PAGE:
“It takes the pressure off the regular ballhandler,” Jefferson said before San Antonio’s game Sunday in Washington. “You don’t have to go back to get the ball every time. Somebody gets the ball, anybody can outlet. Anybody can bring it up. And anybody can run our sets. So you can start the offense from any position.”

This is all in the realm of the hypothetical so far. Jefferson did not arrive in camp until late last week, with her obligations to her Turkish league team, Galatasaray, keeping her abroad. McBride remains there, where her team, Yakin Dogu, is playing a best-of-five series for the championship. By the time Jefferson returned to the United States, Plum had injured her ankle in practice. She remains out for now, but is hopeful she can play in the Stars’ home opener on Friday. Jefferson is also nursing a sore knee and a case of laryngitis.

“As much as the game allows me to play them together, they just flow,” Stars Coach Vickie Johnson said Saturday after a season-opening 73-64 loss to the Liberty. “I haven’t seen all three of them on the court at the same time. I haven’t seen them at practice at the same time. I just want to win, whichever way that goes with both, two, one, doesn’t matter to me. The offense is designed for anyone to advance.”

Jefferson and Plum provide artful returns whenever given the ball, but neither one needs it to excel.

Jefferson’s rookie year in San Antonio represented one of the best first campaigns of any point guard in league history. But her contributions extended beyond mere distribution — she shot 37.5 percent from 3-point range — and her 1.15 points per possession on spot-up shots, according to Synergy, ranked 14th in the league.

Plum, fighting off double-teams all season at Washington, led Division I in points scored, averaging 31.7 points per game. She was most efficient off the ball, scoring 1.42 points per possession on spot-up shots, 1.61 off cuts, but was among the nation’s most efficient scorers with the ball as well.

“I feel really comfortable off the ball,” Plum said Sunday. “So in coach’s system, we don’t really have a 1-2-3 — it’s getting the ball and go. So I haven’t had the opportunity in this system yet to play with Moriah, because she was away; since she came back I’ve been hurt. But I’m really excited when we do because it’s all pick-and-rolls, it’s all moving without the ball, which I like.”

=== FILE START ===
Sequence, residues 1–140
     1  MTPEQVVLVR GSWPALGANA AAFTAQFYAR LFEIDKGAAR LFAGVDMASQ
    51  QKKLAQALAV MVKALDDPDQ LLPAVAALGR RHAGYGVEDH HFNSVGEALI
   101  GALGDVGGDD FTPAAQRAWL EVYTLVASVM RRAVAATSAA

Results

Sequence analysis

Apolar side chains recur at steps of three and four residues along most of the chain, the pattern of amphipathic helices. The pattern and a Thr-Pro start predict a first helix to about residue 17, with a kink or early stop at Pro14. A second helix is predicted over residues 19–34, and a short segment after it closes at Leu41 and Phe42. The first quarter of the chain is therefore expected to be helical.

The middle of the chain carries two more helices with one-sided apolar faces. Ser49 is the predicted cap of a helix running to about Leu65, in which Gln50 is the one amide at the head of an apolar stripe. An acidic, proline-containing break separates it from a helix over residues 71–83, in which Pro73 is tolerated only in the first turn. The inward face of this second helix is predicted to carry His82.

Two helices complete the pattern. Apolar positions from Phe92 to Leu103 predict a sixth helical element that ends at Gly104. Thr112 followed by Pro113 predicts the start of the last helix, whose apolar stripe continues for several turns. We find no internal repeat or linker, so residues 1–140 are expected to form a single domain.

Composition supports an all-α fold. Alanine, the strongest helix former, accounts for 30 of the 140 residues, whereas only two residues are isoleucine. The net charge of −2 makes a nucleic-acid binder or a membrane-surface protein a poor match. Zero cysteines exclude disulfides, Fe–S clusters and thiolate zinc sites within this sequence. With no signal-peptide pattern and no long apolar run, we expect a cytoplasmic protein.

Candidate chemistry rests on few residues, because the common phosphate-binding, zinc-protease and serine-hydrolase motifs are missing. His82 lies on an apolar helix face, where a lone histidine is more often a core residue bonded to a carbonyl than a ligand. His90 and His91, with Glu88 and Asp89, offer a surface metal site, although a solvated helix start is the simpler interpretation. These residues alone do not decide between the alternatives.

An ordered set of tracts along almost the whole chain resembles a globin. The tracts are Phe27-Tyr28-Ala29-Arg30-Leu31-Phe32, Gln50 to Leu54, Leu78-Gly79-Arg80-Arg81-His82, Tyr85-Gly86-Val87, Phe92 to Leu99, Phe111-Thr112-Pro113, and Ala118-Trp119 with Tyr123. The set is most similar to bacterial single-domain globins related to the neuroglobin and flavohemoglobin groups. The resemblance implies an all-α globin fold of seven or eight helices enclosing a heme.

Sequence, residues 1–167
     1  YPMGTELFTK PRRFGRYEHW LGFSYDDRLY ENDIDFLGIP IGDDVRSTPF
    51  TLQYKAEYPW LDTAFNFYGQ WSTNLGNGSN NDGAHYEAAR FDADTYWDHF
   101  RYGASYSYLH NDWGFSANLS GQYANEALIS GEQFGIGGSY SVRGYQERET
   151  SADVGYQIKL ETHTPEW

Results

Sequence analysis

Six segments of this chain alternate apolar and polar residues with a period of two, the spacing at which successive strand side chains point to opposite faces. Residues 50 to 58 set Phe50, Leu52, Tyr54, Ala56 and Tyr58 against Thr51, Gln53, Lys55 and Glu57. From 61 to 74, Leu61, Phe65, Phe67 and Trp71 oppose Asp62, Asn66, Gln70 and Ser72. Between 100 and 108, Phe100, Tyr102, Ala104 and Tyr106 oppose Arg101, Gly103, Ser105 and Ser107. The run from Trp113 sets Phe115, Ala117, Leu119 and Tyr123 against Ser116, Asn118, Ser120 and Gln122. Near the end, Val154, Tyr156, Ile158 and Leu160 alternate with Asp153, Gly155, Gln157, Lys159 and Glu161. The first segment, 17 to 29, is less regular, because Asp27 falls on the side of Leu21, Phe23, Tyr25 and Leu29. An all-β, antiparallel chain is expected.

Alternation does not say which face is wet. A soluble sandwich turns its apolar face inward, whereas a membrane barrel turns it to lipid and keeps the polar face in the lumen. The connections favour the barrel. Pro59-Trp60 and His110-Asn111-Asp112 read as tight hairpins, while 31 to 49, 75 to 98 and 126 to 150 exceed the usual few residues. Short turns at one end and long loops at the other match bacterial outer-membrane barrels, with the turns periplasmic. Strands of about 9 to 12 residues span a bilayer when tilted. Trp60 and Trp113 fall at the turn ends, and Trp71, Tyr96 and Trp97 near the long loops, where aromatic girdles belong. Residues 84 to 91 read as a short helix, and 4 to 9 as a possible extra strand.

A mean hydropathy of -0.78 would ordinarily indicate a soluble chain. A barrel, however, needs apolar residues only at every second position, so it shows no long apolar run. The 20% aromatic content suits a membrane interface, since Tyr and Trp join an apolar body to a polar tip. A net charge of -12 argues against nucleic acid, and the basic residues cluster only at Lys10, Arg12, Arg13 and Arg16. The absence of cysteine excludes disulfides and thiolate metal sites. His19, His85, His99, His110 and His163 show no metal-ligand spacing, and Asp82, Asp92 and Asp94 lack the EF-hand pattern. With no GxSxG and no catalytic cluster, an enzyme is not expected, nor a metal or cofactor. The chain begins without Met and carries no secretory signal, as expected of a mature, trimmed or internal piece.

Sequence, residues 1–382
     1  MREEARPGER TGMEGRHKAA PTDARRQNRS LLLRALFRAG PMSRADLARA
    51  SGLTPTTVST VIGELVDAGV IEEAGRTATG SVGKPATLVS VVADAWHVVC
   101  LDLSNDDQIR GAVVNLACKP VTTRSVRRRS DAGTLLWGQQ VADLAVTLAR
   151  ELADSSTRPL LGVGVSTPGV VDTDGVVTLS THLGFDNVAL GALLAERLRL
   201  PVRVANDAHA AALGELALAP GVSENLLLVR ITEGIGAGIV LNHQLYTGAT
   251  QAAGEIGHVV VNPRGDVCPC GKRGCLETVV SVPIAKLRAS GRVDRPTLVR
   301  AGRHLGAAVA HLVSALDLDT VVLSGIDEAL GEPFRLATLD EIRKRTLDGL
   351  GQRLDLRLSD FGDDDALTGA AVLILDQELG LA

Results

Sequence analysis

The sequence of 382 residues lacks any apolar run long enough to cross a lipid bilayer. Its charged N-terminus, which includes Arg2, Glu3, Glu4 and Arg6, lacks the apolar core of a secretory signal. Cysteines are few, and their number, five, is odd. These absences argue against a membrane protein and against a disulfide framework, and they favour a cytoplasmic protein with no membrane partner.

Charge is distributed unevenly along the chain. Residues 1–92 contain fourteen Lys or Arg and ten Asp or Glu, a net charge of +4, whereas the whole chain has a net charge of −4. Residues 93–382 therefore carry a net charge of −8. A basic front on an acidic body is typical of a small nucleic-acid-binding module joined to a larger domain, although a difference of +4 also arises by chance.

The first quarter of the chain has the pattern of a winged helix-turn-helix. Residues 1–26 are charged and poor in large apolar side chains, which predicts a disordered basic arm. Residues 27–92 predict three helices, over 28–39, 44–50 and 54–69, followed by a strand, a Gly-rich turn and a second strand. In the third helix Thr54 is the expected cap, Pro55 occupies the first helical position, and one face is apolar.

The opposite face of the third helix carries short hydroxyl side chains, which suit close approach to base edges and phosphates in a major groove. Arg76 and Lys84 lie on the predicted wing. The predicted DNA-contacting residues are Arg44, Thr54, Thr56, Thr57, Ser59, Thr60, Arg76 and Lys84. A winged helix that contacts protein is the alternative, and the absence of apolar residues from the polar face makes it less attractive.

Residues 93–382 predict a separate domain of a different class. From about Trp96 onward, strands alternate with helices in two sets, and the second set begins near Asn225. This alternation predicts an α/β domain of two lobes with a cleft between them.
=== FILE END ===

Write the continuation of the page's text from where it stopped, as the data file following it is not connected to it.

Plum echoed Jefferson’s point about taking the pressure off a primary ballhandler, and the two have quickly reconnected as teammates. They have been friends for years and played together on USA Basketball teams. With the two of them creating off-dribble penetration and finding each other, along with McBride, who is shooting better than 40 percent from 3-point range overseas, offense should not be in short supply.

But what happens at the other end of the floor?

“We’re smaller, but I don’t think that means we’ll be worse defensively,” Plum said. “I understand that Mo and I are already small. But I think what we don’t have in size we can make up for in speed. And I think also that we’re competitive. I’m competitive, Mo’s competitive, K-Mac’s competitive.”

Photo

Kayla McBride last season. McBride is still in Turkey, where her team there is playing for a championship.

Credit
Jessica Hill/Associated Press

Bigger guards posting up Plum and Jefferson will probably be a constant hazard of the new plan. Trading 2s for 3s is not a losing mathematical strategy, however, and McBride at the small forward spot is big enough to handle most of the opposing players at that position.

Jefferson, who played with Stewart at Connecticut, chuckled when recalling her many efforts to bulk up beyond her 122-pound frame.

“My body’s been pretty much the same my entire life,” she said. “So I’m doing pretty much the same things I’ve been doing, playing defense as aggressively as I can, even if I get caught guarding bigger guards.”

Plum’s strength is an underrated source of her finishing ability, and the more physical game played at the professional level is as much a source of enjoyment as it is a challenge.

“In college, it’s a foul, and now it’s not,” she said, smiling. “I don’t feel insignificant out there. It’s funny, because that’s always something people are going to talk about. But just because I don’t look like it, doesn’t mean I can’t play it.”

Continue reading the main story

Source

NO COMMENTS